Rob Hilliard

My education in thoroughbred racing started in the mid-’60s when, as a young teen growing up in Jersey City, a portion of weekends too numerous to count was spent accompanying my dad (George) to various OTB offices in midtown Manhattan.

My uncle (Leon) was one of many area teachers who supplemented their salaries by working the meets at Monmouth Park down the north Jersey shore. It was here that I had my first “live” exposure to the “Sport of Kings.” Leon was a “system” bettor, while George was into bloodlines.

Following high school graduation, the family (dad, mom, grandma and son) embarked upon a six-week tour of Ireland, Scotland, Wales and England. On June 27, 1970, I became forever hooked on the sport, bearing witness to the great Nijinsky’s victory in the Irish Derby at the Curragh. From trackside bookmakers to neighborhood betting parlors, I was fascinated by the extent to which the thoroughbred industry permeated Irish culture.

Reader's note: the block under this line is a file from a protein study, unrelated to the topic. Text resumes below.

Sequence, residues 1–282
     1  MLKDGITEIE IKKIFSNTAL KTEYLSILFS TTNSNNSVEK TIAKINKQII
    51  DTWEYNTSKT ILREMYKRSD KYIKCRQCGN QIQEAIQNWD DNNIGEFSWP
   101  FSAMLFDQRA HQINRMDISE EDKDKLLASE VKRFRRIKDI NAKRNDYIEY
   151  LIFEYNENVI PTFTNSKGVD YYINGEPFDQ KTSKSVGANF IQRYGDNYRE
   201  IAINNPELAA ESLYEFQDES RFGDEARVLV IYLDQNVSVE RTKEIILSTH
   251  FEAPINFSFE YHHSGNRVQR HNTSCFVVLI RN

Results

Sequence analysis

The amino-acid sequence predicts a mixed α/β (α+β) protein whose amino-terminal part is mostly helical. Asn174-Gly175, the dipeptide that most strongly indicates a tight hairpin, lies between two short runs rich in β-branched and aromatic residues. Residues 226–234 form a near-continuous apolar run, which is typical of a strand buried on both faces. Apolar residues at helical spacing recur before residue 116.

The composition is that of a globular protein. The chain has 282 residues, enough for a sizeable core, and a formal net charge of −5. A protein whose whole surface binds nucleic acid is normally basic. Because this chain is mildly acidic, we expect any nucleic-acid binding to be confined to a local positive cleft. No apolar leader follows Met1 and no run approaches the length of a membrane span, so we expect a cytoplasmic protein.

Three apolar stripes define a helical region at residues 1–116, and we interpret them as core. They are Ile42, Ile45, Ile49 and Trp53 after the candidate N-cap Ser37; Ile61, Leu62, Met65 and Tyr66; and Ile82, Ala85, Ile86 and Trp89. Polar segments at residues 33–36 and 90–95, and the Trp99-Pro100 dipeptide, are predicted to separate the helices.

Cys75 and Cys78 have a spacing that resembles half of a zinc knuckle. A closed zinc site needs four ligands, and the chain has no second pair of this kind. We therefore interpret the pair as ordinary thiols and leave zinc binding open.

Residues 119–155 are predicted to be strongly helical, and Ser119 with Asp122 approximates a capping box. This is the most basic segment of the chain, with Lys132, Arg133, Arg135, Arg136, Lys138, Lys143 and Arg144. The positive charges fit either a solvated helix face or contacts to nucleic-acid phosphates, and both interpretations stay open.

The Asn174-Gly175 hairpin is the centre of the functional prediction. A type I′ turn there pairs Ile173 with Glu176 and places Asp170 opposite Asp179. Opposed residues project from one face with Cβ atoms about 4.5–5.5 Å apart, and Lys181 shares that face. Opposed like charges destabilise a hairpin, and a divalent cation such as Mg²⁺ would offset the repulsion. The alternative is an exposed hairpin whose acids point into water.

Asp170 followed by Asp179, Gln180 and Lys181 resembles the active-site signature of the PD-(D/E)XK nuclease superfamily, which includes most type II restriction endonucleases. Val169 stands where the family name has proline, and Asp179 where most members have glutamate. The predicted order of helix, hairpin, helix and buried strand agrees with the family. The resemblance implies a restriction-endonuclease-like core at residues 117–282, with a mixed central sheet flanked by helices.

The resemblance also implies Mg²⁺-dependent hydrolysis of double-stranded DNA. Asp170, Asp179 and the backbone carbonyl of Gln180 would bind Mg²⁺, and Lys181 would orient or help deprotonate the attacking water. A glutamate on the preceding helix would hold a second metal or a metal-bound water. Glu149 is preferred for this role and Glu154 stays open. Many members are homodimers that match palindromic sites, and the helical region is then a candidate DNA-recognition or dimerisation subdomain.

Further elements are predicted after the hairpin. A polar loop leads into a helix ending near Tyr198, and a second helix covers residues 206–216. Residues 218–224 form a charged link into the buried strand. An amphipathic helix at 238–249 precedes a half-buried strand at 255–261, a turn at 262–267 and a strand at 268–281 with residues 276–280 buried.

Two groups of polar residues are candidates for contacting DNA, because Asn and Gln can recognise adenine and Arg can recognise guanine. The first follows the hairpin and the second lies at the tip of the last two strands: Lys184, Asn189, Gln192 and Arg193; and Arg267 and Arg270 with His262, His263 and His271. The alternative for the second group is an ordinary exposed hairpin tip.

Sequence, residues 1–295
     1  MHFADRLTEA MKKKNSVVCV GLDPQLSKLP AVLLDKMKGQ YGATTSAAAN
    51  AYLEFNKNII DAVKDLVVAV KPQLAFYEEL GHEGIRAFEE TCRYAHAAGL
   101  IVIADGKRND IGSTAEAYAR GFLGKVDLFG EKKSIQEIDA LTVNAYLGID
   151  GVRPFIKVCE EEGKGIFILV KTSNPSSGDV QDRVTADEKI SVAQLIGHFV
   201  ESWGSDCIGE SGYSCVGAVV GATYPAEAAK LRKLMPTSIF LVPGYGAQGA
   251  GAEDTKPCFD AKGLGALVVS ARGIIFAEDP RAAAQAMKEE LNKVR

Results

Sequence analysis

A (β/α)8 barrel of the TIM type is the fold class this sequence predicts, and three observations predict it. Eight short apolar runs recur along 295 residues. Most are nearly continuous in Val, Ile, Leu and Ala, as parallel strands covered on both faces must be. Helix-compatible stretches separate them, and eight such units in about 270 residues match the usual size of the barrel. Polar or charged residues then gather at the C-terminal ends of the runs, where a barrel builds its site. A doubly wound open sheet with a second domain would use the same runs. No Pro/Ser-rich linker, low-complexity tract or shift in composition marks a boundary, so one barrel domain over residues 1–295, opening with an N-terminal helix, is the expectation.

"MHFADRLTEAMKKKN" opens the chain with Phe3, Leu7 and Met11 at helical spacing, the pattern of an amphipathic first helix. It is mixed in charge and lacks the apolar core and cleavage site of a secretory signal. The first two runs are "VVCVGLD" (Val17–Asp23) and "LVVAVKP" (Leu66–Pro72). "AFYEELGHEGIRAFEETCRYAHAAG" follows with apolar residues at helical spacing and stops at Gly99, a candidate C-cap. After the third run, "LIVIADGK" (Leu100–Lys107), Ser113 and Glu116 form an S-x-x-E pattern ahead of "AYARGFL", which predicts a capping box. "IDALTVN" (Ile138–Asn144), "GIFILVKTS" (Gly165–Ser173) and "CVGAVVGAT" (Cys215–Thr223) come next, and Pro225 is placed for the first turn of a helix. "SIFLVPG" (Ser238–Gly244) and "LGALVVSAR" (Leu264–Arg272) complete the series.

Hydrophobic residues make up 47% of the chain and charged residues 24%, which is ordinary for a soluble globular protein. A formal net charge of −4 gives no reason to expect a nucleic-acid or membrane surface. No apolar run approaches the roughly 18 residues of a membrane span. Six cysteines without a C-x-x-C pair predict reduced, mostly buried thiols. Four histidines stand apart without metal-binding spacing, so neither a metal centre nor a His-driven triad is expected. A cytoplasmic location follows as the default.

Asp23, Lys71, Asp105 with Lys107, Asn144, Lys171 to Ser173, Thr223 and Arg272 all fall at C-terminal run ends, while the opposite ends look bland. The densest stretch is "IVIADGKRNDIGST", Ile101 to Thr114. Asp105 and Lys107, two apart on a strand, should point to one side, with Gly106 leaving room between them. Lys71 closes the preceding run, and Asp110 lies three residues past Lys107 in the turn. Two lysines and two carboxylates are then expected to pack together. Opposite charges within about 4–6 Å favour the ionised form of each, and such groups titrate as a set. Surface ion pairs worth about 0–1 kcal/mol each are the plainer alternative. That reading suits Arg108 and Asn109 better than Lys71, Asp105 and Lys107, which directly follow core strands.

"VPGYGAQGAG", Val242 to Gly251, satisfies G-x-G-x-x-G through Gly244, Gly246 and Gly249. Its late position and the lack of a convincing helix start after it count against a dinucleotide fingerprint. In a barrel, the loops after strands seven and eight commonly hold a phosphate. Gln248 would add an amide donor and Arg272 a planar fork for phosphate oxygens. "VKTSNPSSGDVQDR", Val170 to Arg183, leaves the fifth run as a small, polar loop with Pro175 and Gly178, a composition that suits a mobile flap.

Thus began a lifetime love affair with thoroughbred racing, which saw me spend three summers working at Monmouth Park; visiting venues across the country; writing a master’s thesis on New York City’s Off-Track Betting Corporation, and developing a hypothetical plan to form R.A.C.E. (Racing Authority for Commonwealth Equines) for Massachusetts as part of a New School marketing course … well before the first teletrack theater opened in New Haven, Connecticut, on Oct. 25, 1979.

Now, some four decades later, the thoroughbred racing industry has experienced a series of unprecedented events, from the deaths of more than two dozen horses at Santa Anita and the first-ever disqualification of a Kentucky Derby winner … to the COVID-19 induced remix of the 2020 Triple Crown races and Mitch McConnell’s push to create a central horse racing authority.

Retired after a successful career in marketing communications, I’ve given my time over to the pen, authoring a memoir about my real “Field of Dreams” mid-life crisis regarding my role in bringing Minor League Baseball to the Garden State, and two works of fiction that have thoroughbred racing as their focal point.

It is my fervent hope that your thoughts and opinions offer fodder for future literary efforts.

%d bloggers like this: